Original German WWII M40 Single Decal Luftwaffe Textured Paint Helmet with 58cm Liner and Dome Stamp - ET66

Item Description

Original Item: Only One Available. This is an excellent all original example Model 1940 German WWII helmet with a single Luftwaffe Eagle decal. This stamped sheet steel construction helmet retains over 90% of the original blue/grey textured Luftwaffe paint and is in very good condition overall. There is definitely some wear, but nothing out of line with standard wear that would happen during wartime service. The decal is retained at about 95%, with just wear through due to the texture. This is definitely a great example of this type of helmet.

On the reverse of the shell's interior, the neck guard apron is lot number stamped, 4995 and has a stamped manufacturer's code over the left ear and size, ET66 indicating it was manufactured by Eisenhuttenwerk AG, Thale Harz. Size 66 is a nice large size that can accommodate liners from 58cm to 59cm or US 7 1/2 to 7 1/8.  Shells of this large size are harder to find, and more valuable to a collector.

All three original liner retaining pins are intact and have most of the original paint on the ends. The interior of the helmet still has an original very good M31 leather liner with all eight fingers present and still supple, with a nice size 58 marked. The liner is a transitional model, with an aluminum outer band, with galvanized steel chin strap fittings. Later versions would be entirely made of galvanized steel. The top tie is intact and in great shape. The side of the liner band is marked 66 n.A. / 58, indicating that this is a size 58 liner for a size 66 shell. 

The right side displays the full manufacture information, as well as a date:

Metall-Lederverarbeitung W.Z.
Bln. Ch'burg 5.

The helmet also has a complete original chin strap, which is in very good condition, with just some finish wear due to age. It is attached firmly to the loops on the liner, and the end of the long side of the strap is maker marked and dated: G. SCHIELE / LOBURG / 1940The top of the shell is also faintly marked with a very nice oval ink DOME STAMP, though unfortunately it is somewhat faint, so we are not able to read the German Textura black letter typeface. These sometimes have a date, but this one does not.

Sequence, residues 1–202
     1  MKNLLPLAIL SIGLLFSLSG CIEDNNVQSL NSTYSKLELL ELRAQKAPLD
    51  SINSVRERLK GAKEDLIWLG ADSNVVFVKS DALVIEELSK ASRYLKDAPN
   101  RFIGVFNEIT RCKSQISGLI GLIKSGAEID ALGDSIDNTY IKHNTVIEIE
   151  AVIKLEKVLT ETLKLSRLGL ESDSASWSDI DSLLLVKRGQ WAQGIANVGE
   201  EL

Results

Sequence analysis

Overall a very nice condition genuine M40 Single Decal Luftwaffe helmet, totally correct in every way! This is an item that will only continue to appreciate in value over time.

The first "modern" steel helmets were introduced by the French army in early 1915 and were shortly followed by the British army later that year. With plans on the drawing board, experimental helmets in the field, ("Gaede" helmet), and some captured French and British helmets the German army began tests for their own steel helmet at the Kummersdorf Proving Grounds in November, and in the field in December 1915. An acceptable pattern was developed and approved and production began at Eisen-und Hüttenwerke, AG Thale/Harz, (Iron and Foundry Works), in the spring of 1916.

These first modern M16 helmets evolved into the M18 helmets by the end of WWI. The M16 and M18 helmets remained in usage through-out the Weimar Reichswehr, (National Defence Force, Circa 1919-1933), era and on into the early years of the Third Reich until the development of the smaller, lighter M35 style helmet in June 1935.

In 1934 tests began on an improved Stahlhelm, whose design was a development of World War I models. The Eisenhüttenwerke company of Thale carried out prototype design and testing, with Dr. Friedrich Schwerd once again taking a hand.

The new helmet was pressed from sheets of molybdenum steel in several stages. The size of the flared visor and skirt was reduced, and the large projecting lugs for the obsolete armor shield were eliminated. The ventilator holes were retained, but were set in smaller hollow rivets mounted to the helmet's shell. The edges of the shell were rolled over, creating a smooth edge along the helmet. Finally, a completely new leather suspension, or liner, was incorporated that greatly improved the helmet's safety, adjustability, and comfort for each wearer. These improvements made the new M1935 helmet lighter, more compact, and more comfortable to wear than the previous designs.

The Army's Supreme Command officially accepted the new helmet on June 25, 1935 and it was intended to replace all other helmets in service.

The M1935 design was slightly modified in 1940 to simplify its construction, the manufacturing process now incorporating more automated stamping methods. The principal change was to stamp the ventilator hole mounts directly onto the shell, rather than utilizing separate fittings. In other respects, the M1940 helmet was identical to the M1935. The Germans still referred to the M1940 as the M1935, while the M1940 designation were given by collectors.

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